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a mendicant friar belonging to a religious order founded at Mt. Carmel, Palestine, in the 12th century; White Friar.
a nun belonging to this order.
of or relating to Carmelites or their order.
Historical Examples

And he smiled to think how his Carmelite companion would start, if he knew when first he used those words.
If, Yes and Perhaps Edward Everett Hale

At that time a sisterhood of Carmelite nuns was driven from France to Antwerp.
The Birthright Joseph Hocking

Along with the amulets the so-called conception-billets, which the Carmelite monks sell for a small sum, are of manifold use.
The Magic of the Middle Ages Viktor Rydberg

If he belongs to the Carmelite convent, why does he not wear their habit?
Mauprat George Sand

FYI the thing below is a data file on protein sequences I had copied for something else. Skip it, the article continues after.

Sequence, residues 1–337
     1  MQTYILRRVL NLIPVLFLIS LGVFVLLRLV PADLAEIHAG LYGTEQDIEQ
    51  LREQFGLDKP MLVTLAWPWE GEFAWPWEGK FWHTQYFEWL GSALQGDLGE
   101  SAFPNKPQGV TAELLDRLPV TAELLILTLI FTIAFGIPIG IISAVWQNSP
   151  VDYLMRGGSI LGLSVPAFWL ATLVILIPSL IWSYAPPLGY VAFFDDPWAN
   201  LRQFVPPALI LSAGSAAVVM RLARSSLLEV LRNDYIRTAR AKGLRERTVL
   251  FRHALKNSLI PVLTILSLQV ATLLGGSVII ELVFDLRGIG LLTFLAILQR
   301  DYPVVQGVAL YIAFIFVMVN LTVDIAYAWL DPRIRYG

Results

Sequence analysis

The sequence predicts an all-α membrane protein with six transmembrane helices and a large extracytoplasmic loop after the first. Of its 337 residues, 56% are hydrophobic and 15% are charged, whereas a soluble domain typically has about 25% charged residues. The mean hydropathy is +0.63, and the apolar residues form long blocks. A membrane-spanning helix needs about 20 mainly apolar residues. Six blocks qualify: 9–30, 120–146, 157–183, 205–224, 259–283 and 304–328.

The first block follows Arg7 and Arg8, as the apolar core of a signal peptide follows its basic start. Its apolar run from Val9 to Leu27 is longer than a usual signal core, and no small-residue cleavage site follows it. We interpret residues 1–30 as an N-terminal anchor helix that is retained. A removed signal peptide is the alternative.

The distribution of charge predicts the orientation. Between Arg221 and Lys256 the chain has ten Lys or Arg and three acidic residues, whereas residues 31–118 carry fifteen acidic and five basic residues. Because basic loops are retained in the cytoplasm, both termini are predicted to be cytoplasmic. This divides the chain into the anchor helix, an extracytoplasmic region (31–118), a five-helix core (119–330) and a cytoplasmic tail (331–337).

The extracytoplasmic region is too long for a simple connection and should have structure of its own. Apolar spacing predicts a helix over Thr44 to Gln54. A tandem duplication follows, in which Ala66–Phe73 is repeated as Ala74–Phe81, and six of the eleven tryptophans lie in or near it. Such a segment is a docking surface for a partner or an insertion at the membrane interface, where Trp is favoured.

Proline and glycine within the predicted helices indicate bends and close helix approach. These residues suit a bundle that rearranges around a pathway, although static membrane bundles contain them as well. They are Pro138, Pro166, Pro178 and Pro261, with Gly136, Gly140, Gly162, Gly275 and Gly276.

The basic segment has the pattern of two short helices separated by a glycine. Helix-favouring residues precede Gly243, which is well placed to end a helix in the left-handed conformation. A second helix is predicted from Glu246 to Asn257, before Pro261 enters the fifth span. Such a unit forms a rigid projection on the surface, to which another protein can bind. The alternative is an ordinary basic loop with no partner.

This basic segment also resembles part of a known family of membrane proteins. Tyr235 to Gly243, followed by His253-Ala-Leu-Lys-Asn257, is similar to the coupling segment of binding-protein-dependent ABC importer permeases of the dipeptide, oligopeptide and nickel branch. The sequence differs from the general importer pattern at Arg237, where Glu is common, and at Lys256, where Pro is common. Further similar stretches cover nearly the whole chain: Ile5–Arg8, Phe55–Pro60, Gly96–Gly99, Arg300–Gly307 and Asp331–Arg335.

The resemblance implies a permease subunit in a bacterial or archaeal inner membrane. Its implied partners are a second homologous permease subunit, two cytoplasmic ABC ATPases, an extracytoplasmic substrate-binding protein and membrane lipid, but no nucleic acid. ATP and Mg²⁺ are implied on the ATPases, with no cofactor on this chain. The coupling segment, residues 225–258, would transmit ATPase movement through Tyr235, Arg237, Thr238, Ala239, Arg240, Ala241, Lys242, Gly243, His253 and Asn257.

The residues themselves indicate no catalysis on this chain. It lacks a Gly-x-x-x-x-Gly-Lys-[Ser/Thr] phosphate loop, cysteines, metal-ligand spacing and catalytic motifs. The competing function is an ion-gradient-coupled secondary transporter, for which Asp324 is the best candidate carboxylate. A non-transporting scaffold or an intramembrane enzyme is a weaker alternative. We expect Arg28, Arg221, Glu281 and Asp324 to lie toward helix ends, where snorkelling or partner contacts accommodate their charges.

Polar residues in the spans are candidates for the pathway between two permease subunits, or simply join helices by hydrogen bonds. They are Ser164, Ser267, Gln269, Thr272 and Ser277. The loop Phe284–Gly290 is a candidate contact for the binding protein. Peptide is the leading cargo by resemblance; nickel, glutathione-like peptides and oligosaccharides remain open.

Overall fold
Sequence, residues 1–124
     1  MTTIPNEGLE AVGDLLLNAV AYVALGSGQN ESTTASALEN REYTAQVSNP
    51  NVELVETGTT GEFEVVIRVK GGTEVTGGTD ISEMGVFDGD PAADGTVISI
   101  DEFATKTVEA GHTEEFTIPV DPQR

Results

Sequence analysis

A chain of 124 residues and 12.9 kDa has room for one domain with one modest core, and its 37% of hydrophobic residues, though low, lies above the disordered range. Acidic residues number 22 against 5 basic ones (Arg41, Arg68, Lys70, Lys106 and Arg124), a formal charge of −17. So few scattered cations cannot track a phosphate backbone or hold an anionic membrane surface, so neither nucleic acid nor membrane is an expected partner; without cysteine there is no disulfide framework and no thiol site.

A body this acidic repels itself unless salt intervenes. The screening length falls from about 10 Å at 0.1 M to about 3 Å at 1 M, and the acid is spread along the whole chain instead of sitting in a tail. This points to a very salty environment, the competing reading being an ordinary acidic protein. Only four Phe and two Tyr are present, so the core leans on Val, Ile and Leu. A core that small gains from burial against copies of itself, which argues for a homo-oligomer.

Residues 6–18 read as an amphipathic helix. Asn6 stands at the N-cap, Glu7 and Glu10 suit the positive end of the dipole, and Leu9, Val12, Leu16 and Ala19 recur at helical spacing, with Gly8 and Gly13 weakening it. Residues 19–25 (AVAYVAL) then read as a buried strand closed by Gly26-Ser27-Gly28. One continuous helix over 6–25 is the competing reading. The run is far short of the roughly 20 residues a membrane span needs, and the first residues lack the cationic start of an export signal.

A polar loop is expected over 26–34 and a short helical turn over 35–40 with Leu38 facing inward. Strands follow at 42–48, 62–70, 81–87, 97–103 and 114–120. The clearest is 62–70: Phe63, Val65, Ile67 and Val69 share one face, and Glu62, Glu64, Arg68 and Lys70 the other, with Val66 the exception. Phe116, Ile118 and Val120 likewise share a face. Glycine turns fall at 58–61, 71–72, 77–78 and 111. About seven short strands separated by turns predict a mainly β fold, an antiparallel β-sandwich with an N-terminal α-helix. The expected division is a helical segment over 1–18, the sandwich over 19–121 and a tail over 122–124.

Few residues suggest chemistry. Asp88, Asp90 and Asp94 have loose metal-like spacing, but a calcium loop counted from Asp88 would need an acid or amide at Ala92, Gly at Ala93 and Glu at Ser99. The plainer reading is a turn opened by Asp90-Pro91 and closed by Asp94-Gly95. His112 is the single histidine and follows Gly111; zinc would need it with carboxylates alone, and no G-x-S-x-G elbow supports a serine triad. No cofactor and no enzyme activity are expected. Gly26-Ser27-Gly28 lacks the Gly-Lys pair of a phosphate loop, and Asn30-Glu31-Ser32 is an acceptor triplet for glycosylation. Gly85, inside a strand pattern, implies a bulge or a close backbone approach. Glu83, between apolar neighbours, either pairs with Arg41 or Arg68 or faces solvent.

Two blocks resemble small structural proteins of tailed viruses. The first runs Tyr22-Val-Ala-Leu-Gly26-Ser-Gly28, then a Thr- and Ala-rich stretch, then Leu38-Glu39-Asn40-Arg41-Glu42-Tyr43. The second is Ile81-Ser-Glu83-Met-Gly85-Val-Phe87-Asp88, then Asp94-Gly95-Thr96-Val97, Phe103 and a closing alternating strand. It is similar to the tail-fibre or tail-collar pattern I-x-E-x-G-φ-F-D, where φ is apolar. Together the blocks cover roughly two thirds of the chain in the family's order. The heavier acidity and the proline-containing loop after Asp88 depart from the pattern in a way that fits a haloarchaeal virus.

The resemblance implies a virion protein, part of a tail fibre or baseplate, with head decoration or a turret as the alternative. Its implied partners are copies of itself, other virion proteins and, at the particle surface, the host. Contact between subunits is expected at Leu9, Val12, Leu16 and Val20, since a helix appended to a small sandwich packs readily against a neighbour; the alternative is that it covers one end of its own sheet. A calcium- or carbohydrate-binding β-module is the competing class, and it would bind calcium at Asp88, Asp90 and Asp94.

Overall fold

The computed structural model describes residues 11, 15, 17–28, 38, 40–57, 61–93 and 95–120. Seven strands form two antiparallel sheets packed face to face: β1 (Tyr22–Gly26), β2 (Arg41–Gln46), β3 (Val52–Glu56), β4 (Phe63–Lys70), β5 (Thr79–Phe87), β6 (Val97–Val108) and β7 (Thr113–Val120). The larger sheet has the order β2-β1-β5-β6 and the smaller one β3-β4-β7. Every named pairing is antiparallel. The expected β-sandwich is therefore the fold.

He gave her comfort, and announced to her her vocation as a Carmelite.
The Cathedral Joris-Karl Huysmans

John was sober; the other was eating like a Carmelite and drinking like a Franciscan.
Mauprat George Sand

I have told yonder Carmelite the purpose of the contracts, and engaged with him to draw them.
Anne of Geierstein Walter Scott

You, at all events, my Olivia, can never become a Carmelite or a Magdalen.
Tales And Novels, Volume 8 (of 10) Maria Edgeworth

A friend of ours brought me news, lately, that she has become a Carmelite.
Mariquita John Ayscough

One knew not whom to approach to break the news to the poor Carmelite.
The Memoirs of Madame de Montespan, Complete Madame La Marquise De Montespan

noun (RC Church)
a member of an order of mendicant friars founded about 1154; a White Friar
a member of a corresponding order of nuns founded in 1452, noted for its austere rule
(modifier) of or relating to the Carmelite friars or nuns

c.1500, from Medieval Latin Carmelites, member of an order of mendicant friars (White Friars) founded 12c. by Berthold of Calabria on Mount Carmel in what is now northwest Israel.


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